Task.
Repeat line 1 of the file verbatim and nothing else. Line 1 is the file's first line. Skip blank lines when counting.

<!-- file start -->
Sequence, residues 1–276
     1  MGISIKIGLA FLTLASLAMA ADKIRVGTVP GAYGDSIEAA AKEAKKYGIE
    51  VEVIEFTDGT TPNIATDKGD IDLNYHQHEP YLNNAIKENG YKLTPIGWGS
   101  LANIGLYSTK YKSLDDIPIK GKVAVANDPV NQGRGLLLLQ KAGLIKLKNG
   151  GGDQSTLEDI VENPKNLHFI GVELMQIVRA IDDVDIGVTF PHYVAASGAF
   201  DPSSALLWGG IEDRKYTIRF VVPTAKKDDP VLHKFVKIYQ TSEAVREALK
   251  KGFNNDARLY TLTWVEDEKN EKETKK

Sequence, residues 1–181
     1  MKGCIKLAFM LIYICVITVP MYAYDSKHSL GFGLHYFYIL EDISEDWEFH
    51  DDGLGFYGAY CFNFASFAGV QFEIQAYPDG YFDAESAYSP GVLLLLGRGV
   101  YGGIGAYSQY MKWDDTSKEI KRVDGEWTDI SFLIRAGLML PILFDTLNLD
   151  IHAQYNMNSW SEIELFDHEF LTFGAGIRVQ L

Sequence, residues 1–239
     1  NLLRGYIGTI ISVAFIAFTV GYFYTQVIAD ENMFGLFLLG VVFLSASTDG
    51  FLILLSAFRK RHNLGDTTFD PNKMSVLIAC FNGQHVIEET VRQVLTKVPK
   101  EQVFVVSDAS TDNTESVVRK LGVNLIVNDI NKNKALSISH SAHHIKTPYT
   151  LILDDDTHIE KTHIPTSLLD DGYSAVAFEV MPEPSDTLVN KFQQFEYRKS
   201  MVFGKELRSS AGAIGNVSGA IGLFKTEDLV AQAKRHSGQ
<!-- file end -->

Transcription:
Sequence, residues 1–276